In 2011, approximately 1.4 million cases of Chlamydia trachomatis infections were reported, the largest number of cases ever reported to CDC for any condition.
In case you missed it, and it’s right up above here, that is the largest number of cases for any disease the Centers for Disease Control and Prevention tracks. That includes West Nile virus, anthrax, dengue fever, all the favorites.
And to be exact, that’s 1,412,791 disappointed trudges out of a doctor’s office, corresponding to about one out of every 200 people in the country. That rate is up 8 percent, and it has been wriggling in petri dishes and up the charts since the 1980s.
The thing is, docs aren’t sure what’s behind it. Other than, well, you know.
They suppose it could be that more people are getting tested, or that the tests are getting better, or even that more doctors are on the lookout and therefore are reporting more cases. But, the government’s zombie watchdogs said, it could just be that more people are getting it.
What’s worse, we’ve buried the lede here.
Clamidia Chlamydia may be hard to spell, but it is no joke. There are no symptoms, according to doctors, and if left untreated it leads to all kinds of problems, especially for women. Things like ectopic pregnancy and infertility. Real third-world stuff.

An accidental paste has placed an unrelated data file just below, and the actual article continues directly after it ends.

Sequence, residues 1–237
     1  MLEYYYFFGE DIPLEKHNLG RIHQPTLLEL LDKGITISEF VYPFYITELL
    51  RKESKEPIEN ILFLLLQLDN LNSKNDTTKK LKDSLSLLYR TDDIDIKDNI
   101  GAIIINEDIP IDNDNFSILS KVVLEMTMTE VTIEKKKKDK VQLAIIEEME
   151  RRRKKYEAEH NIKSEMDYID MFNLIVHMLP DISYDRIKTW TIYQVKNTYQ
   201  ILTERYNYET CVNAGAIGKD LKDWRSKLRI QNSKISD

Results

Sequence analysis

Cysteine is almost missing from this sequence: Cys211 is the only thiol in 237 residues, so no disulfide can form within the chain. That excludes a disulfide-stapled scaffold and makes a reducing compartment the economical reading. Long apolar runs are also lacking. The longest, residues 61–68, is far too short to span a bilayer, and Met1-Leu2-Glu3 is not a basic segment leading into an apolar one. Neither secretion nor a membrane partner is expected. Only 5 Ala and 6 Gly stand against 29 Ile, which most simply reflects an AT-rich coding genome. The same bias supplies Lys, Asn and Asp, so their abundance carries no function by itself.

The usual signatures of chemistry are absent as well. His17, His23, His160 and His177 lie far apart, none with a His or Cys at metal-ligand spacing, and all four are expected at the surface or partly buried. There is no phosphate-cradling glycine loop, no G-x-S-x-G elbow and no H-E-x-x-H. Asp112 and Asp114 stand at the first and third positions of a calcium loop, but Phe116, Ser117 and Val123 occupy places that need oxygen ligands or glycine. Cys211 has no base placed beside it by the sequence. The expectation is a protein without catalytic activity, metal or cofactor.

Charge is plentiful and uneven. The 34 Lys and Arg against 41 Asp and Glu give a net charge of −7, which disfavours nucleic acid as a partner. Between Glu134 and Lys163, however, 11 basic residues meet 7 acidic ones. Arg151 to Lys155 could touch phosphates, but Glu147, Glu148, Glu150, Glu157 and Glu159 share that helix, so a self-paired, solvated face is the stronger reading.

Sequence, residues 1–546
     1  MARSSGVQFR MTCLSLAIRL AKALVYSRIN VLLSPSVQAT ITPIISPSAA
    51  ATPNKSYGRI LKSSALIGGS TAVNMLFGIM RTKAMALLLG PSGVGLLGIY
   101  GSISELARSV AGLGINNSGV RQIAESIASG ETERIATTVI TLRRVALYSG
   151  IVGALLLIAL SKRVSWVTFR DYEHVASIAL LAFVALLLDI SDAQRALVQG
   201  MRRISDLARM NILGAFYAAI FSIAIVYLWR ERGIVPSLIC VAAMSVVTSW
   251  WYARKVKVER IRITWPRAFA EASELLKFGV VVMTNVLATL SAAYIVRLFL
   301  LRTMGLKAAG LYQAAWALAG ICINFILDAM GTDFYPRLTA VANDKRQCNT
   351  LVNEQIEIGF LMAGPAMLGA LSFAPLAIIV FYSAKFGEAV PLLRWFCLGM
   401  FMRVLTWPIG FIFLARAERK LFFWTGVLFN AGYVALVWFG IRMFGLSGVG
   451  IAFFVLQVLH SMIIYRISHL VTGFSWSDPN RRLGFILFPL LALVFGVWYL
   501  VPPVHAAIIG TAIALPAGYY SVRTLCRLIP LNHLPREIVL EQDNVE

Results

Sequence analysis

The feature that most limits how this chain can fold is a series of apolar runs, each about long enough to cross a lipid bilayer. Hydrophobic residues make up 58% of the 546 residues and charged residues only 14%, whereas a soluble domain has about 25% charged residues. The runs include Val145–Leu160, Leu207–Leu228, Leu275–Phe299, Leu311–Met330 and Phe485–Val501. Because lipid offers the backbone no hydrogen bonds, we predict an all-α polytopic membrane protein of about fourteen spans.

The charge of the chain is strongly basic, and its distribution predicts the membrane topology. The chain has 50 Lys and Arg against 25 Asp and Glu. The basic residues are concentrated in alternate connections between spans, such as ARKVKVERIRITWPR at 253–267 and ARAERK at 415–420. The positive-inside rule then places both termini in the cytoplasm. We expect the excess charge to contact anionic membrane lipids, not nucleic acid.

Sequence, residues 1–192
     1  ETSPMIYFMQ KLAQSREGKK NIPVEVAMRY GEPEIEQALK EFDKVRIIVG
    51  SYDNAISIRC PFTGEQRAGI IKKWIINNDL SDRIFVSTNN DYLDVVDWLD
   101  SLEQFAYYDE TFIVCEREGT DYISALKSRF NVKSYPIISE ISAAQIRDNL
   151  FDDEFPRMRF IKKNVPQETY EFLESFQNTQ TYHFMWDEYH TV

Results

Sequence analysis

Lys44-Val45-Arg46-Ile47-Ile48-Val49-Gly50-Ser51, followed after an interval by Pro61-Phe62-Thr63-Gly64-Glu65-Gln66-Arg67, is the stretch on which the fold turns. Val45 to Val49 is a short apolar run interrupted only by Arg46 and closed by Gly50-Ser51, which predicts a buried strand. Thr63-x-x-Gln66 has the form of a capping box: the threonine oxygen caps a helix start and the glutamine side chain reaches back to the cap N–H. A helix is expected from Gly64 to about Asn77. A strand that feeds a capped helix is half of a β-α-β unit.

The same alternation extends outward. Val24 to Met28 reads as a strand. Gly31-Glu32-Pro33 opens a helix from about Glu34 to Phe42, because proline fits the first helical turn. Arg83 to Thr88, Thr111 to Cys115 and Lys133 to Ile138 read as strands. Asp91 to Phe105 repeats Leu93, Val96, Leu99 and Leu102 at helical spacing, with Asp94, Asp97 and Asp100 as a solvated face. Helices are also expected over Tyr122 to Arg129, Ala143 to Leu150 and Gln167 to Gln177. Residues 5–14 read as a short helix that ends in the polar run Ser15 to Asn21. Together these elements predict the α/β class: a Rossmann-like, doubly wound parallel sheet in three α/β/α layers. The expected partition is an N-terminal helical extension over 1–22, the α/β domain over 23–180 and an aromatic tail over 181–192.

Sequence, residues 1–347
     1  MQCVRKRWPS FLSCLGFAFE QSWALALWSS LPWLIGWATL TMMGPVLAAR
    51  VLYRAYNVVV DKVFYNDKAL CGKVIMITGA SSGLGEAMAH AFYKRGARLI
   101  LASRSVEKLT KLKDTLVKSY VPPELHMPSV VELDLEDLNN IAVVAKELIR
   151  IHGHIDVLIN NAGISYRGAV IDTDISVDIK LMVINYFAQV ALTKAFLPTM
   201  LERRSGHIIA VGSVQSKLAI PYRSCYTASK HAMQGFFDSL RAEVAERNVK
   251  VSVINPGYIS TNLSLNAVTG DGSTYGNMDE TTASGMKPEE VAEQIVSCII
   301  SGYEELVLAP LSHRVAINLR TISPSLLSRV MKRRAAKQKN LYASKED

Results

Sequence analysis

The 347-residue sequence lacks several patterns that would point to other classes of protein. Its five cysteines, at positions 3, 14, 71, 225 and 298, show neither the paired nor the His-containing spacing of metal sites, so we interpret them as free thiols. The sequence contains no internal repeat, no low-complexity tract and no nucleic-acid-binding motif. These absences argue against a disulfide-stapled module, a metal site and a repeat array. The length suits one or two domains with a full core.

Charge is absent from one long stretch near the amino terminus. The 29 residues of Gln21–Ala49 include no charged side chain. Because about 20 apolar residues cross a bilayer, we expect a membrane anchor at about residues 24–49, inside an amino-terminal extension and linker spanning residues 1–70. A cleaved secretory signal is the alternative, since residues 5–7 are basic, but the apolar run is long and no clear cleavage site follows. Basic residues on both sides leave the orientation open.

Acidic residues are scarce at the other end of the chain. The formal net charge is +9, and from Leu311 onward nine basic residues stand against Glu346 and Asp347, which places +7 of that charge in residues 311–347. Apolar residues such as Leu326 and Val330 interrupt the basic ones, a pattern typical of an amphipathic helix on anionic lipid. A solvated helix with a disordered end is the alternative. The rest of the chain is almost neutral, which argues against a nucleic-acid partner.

To that you can probably add ovarian and cervical cancer. Researchers last month determined that chlamydia infections can tear up your DNA, and that increases your cancer risk. It all helps to fill in the blanks when trying to explain well-known correlations between chlamydia and cancer.
Still, it’s not all bad. At least people are still looking into these things.
Last month, researchers at the University of Texas Health Science Center in San Antonio discovered a quirk in the chlamydia bacterium that may lead to better ways to diagnose and treating the disease. As one scientist put it, probably after looking down his glasses taking a long pull from his pipe, the chlamydia bacterium “is very odd indeed.”
- Chlamydia promotes gene mutations (phys.org)
- Here’s why you can’t ignore sexually-transmitted diseases (nlcnewspost.wordpress.com)